Carpentry is not a dying trade in S’pore, 2 S’poreans, 76 & 31 share why

Carving out their own niches in life.

| Candice Cai | Sponsored | August 17, 2022, 05:57 PM

Ho Teck Seng was just 16 when an accident at work severed three of his fingers, but that didn’t stop him from building a decades-long career in woodworking.

Ho, or Uncle Ho, as he’s affectionately known at Calvary Carpentry, followed his dad into the business from a young age, moving to Singapore from Malaysia before completing his secondary school education.

But being a relatively inexperienced apprentice meant he was not fully aware of the dangers of woodworking.

Uncle Ho, now 76, vividly remembers trying to push a piece of timber through a band saw that rainy day when the accident occurred.

“The worker couldn’t get hold of the wood so I pushed hard. It was slippery and the wood slid forward so my hand hit the slicer, cutting my fingers off,” described Uncle Ho with an air of nonchalance acquired over the 60 years that have passed since that day.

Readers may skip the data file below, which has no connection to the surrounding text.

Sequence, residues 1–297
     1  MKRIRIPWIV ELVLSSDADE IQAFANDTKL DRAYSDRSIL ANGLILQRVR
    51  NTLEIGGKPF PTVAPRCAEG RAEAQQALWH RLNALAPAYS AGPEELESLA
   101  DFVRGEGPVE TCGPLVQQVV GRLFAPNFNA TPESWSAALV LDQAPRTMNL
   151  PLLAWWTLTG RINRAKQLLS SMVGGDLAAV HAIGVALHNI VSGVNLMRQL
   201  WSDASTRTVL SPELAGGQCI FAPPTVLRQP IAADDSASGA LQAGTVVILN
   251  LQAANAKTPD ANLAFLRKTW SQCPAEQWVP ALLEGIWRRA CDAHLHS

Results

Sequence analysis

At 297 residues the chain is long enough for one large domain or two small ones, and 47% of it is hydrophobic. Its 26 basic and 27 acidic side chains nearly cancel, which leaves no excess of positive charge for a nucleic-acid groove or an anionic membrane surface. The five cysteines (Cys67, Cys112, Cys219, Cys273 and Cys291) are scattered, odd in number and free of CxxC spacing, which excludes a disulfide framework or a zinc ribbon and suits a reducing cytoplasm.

Despite losing three fingers on his left hand, he bounced back quickly after just one to two months of rest, and continued to ply the trade with his father.

“Not having work means there’s no food to eat”

Like many others of his generation, Uncle Ho’s perspective on work is as a means to survival — “not having work means there’s no food to eat”.

And traditional woodworking is all he’s ever known.

From wood cutting, Uncle Ho expanded his knowledge to wood moulding, another aspect of the industry which he has specialised in for the past 20 years.

Previously self-employed, the usually solemn but sprightly 76-year-old worked six days a week, rain or shine.

He doesn’t remember ever taking leave to go on vacation.

The two month-long Covid-19 circuit breaker in 2020 was the longest enforced break that he had taken from work.

But with age catching up on him, Uncle Ho made the decision to sell all his equipment to Calvary Carpentry in late 2020 and joined the timber and woodworking company as a carpenter.

Before that, Uncle Ho had been an independent contractor engaged by Calvary on a per project basis.

There’s nary a hint of regret about making the transition from boss to employee, in fact, he sees it as a well-measured step towards retirement.

Uncle Ho shared that it was difficult to run a business as a boss because he had to manage employees’ salaries and there were rental fees to consider.